Eleanor states that she left home and began acting with the Boston Theater Company when she was 14 years old (about 1872 if we use her correct birthdate) in a play called The Hidden Hand. Her career may have received a boost in 1888 and 1889 when, according to her own account, she was mentored by the famous actress Fanny Davenport when they performed together for two seasons in Sardou’s play La Tosca. Many other plays came and went over the years, including All The Comforts of Home, The Lights o’ London, The Private Secretary, and Gloriana. The first newspaper report of an appearance of Eleanor on stage that I have been able to find was published in September of 1882 when she would have been about 24 years old. That month, a new popular play by Paul Merritt and Augustus Harris from London, called Youth, opened in Boston with Eleanor Merron in the role of Alice Wenlock, one of the minor characters. Sometime around 1883, Eleanor met an actor by the name of Archibald “Archie” Cowper. Archie was part of an acting family which included his father, John C. Cowper, a brother, Will C. Cowper, a sister, Clara Cowper, and Archie himself. It was perhaps during 1884, while they were both acting in a play called The Lights o’ London, that they fell in love and decided to marry. The ceremony took place in Manhattan on 2 July 1885. Even with a busy acting career, Eleanor found time during this stage of her life to write a novel, As the Wind Blows, first published in 1895. The book received mixed reviews, with some finding it a nice moral story and others complaining that it showed all the marks of a novice writer.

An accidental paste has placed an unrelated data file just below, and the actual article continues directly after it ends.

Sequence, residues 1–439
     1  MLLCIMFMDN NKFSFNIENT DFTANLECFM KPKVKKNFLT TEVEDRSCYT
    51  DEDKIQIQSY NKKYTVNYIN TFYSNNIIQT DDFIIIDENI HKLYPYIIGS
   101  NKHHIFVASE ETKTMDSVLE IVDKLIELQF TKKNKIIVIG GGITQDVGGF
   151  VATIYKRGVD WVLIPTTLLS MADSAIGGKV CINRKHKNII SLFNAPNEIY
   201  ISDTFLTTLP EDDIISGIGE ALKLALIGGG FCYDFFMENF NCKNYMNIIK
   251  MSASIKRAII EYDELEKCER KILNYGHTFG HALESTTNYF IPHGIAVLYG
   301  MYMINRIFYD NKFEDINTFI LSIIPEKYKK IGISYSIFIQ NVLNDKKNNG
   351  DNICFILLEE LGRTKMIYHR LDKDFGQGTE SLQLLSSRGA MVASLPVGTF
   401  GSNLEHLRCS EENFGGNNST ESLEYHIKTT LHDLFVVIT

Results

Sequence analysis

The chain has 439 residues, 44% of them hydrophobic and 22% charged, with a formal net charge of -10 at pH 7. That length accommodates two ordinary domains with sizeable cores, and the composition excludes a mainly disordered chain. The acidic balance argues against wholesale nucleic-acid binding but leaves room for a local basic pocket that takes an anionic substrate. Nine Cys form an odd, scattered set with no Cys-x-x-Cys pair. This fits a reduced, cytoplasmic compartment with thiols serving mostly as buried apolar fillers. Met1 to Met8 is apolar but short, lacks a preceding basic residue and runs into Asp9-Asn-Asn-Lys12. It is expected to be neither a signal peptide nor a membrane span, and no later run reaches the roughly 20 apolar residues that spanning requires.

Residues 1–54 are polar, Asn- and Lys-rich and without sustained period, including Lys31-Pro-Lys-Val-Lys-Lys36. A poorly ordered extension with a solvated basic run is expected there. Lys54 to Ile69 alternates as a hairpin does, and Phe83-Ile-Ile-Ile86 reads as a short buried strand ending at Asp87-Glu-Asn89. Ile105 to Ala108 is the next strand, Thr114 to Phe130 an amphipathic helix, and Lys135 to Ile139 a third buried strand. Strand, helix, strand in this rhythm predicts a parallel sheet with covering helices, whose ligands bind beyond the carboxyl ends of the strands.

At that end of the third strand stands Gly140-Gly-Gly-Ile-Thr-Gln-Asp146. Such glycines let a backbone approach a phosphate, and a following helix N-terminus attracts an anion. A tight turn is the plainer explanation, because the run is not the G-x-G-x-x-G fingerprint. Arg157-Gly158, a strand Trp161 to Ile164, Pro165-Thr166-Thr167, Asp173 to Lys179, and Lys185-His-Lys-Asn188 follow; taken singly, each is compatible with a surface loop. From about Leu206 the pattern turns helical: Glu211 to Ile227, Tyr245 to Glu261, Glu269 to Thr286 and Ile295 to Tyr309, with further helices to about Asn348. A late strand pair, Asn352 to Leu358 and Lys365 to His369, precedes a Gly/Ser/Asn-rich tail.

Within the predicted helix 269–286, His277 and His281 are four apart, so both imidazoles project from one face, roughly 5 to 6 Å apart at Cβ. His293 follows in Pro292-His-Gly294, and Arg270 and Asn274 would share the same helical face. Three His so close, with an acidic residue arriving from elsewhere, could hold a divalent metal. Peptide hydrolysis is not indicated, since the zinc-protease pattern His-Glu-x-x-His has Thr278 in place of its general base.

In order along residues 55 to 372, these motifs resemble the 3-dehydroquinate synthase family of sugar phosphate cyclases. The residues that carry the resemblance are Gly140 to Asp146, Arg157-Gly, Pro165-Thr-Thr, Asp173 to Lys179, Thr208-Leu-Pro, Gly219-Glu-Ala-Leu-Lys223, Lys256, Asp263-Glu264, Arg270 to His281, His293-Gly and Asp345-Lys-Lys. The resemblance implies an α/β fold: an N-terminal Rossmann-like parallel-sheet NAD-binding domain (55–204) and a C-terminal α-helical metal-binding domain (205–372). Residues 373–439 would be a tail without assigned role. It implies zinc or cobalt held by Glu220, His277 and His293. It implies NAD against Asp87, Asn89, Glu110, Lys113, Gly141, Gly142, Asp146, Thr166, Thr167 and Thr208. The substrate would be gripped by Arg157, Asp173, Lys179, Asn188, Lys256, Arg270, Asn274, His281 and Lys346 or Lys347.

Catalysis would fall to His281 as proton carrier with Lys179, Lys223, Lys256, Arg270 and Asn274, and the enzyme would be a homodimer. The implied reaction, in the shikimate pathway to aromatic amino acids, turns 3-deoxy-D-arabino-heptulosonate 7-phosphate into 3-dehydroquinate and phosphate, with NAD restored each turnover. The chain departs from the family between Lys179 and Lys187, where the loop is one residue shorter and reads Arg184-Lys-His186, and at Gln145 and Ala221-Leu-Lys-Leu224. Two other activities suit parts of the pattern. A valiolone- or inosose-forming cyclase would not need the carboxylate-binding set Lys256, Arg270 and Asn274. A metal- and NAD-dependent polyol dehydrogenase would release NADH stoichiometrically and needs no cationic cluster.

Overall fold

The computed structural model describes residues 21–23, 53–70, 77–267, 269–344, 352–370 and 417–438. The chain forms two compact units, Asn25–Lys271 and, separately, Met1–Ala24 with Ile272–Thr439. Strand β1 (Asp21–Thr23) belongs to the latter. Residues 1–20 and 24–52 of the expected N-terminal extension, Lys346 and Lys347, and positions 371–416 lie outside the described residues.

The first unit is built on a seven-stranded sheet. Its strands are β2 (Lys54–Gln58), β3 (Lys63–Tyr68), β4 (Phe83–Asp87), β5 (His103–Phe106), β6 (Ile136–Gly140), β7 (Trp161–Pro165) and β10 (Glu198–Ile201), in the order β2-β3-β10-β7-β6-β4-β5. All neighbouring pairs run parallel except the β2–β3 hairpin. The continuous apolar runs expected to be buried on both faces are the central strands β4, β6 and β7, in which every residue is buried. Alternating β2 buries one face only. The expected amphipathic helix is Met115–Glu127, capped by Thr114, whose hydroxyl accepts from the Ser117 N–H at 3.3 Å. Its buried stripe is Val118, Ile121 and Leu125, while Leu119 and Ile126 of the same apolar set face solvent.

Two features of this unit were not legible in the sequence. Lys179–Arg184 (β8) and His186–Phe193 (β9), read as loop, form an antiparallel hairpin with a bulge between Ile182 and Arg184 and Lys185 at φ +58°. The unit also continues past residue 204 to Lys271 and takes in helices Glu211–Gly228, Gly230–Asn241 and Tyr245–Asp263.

Eleanor was described in contemporary reports as bright and clever, an interesting talker, plump with golden-hair, and “a stunning looking woman with a pair of blue eyes full of tenderness and sympathy and a keen sense of a jolly situation”; she was also considered a fine actress and writer. In recalling her early days of working with James H. Wallick she recounted the following in an interview in 1902:
I think the greatest strain I was ever in for mental and financial resources was about four seasons ago when I was about to appear in a new production under James H. Wallick’s management. Mr. Wallick had asked me to buy some things for the stage. I started out just after breakfast to select draperies, table covers, etc., and have them sent to the theater that evening before the performance, so that we could see the effect by electric light. They were to be paid for upon delivery. I could not find what I wanted at a reasonable price, so I decided to purchase the goods and make the articles myself. Then I remembered that I had not enough money to pay for them. I got into a cab, took the things along with me accompanied by a young man with the bill. I thought as it was only a matter of $50 they would certainly pay that at the hotel and charge it to me, but the manager did not appear to be used to such things. I explained and offered my ring for security. He said, “If you will bring me an order from Mr. Wallick, I will pay it.” “Good Lord man,” I interrupted, “if I could see Mr. Wallick I would not need to ask you.” So I drove over to the hotel where Mr. Wallick was staying, but he was not in. I swore a great big swear that those curtains should play in a star engagement that night. On my travels I had noticed a loan office. I had with me only two rings and a gold locket, but I dashed in and said, “I must have $50.” The man looked so astonished that I had to laugh in my excitement. I explained that I had lost my money and he gave me the cash. I had only four hours to cut, decorate and line the things, but I finished and was at the theater at a quarter before seven. When everything was arranged I felt thoroughly repaid and the effect delighted Mr. Wallick. The next day I confessed. Mr. Wallick looked stern. “In heaven’s name,” he said, “why did you do a thing like that?” I said in my chilliest manner, “I am very sorry to have offended you. I promised you to have the things for the scene in time and I thought I had redeemed my promise as few women would. Kindly take the money out of my salary, give me the things and consider the incident closed.” But I was wrong. I had made a big hit with Mr. Wallick. He was amazed and very much pleased.